In a statement issued by Google on Tuesday, they claimed that their search engine is not designed to promote any particular political ideology, but does try to generate what they call “high-quality content.”

“Search is not used to set a political agenda, and we don’t bias our results toward any political ideology,” said Riva Sciuto, a Google spokeswoman. “We never rank search results to manipulate political sentiment.”

Facebook’s chief executive Mark Zuckerberg along with CEO of Twitter, Jack Dorsey, have both admitted that their companies have a left-leaning political tilt while at the same time denying there’s any political bias when evaluating content and or accounts on their platforms. Both Zuckerberg and Dorsey have claimed they’re just trying to clean up certain “behaviors of bad faith actors.”

Big League Politics reported that Dorsey, in an interview earlier this month with Sean Hannity stated, “These are models that are looking at behaviors. Behaviors of bad faith actors that intend to manipulate, distract, divide a conversation, or to unfairly amplify their content which they didn’t earn. Those are the signals that factor in. And we do rank search, we do rank trends and we do rank conversations accordingly.”

Google’s chief executive officer Sundar Pichai is refusing to testify at a Senate Intelligence Committee hearing next week, but the panel’s chairman doesn’t seem likely to issue a subpoena forcing the CEO to appear.

“I don’t normally subpoena people to be part of the solution,” Senator Richard Burr of North Carolina said Tuesday when asked if he’s considering such a step. “Google chooses not to participate and being part of the solution. That’s a decision they made.”

Google previously said they would be sending Kent Walker, the company’s senior vice president for global affairs, in Pichai’s place. On Tuesday, the company said that Walker, who’s overseeing efforts to tackle foreign interference will be in Washington and available to speak with lawmakers on the day of the hearing. Burr, who had asked Pichai to testify, said on August 23rd, that Walker was not high enough in the company to be able to appear before the committee and tackle tough questions.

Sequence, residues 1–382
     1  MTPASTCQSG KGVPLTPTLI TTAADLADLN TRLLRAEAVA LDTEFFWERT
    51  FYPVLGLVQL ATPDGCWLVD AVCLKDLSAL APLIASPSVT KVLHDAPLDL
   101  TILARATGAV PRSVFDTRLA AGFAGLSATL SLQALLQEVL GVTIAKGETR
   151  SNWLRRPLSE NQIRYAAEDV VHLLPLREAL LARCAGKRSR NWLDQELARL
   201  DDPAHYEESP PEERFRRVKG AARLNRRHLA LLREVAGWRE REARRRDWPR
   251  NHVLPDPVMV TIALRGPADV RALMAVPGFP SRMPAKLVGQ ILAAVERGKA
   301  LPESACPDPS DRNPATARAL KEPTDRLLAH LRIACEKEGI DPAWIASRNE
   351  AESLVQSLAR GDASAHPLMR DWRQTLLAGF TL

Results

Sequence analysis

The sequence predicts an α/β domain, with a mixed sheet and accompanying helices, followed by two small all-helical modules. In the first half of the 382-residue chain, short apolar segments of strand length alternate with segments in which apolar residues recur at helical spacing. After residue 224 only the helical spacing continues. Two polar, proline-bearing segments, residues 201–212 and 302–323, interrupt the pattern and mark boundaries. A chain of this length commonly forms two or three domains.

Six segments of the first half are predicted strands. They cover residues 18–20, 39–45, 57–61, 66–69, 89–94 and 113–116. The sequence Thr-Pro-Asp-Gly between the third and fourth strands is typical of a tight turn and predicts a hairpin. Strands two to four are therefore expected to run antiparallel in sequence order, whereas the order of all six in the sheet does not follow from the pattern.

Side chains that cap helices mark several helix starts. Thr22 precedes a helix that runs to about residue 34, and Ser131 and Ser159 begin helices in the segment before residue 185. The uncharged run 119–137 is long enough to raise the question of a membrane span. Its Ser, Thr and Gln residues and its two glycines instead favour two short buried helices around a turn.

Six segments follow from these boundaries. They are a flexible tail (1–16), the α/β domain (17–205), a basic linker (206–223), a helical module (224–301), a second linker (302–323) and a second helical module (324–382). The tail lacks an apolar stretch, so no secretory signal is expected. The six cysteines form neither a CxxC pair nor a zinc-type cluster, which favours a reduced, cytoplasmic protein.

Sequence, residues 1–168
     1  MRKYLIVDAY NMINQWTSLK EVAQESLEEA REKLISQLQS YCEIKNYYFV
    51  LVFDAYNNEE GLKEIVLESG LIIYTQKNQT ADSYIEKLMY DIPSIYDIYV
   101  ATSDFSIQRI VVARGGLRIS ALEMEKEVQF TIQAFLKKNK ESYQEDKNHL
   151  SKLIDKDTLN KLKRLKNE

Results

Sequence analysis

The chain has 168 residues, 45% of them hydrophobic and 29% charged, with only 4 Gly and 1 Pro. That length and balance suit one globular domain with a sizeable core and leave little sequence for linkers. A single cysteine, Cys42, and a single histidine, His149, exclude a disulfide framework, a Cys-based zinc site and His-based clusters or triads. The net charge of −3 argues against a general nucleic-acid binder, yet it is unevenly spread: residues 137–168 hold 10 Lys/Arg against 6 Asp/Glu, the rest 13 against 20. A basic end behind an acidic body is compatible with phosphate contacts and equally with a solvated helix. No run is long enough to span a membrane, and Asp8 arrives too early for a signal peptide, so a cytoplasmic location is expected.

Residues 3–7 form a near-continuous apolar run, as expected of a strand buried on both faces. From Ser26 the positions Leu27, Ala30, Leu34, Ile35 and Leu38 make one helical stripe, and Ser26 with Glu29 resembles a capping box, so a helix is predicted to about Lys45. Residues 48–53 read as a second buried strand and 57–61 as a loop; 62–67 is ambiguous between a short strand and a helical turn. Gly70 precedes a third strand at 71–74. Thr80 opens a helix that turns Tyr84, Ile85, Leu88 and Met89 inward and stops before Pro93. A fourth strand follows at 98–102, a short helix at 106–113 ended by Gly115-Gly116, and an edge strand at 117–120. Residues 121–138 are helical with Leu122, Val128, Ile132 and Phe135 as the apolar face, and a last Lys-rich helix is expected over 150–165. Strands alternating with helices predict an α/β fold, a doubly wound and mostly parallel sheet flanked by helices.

Senator Mark Warner of Virginia, and the Intelligence pane’s top Democrat said that Google is making a “great mistake” by offering up Walker instead of someone who is sufficiently higher up in the company.

“That’s not the level that we should have,” Warner said.

Senator Angus King, an independent from Maine who caucuses with Democrats agreed with Warner, saying that Google and other companies should always send their CEOs.

“This is the United States Senate, this is an important issue, and we deserve to hear from the decision-makers, not the people who carry out the decisions,” King said.

The panel previously held a hearing with lawyers, not the CEOs, for Twitter, Google and Facebook. CEO Mark Zuckerberg did testify at House and Senate committee hearings in April, though not before the Senate Intelligence panel, and more importantly, NEVER UNDER OATH. 

With the midterms fast approaching, and with an obvious restriction of conservative content through biased algorithms, one has to wonder how much longer it will be allowed to continue.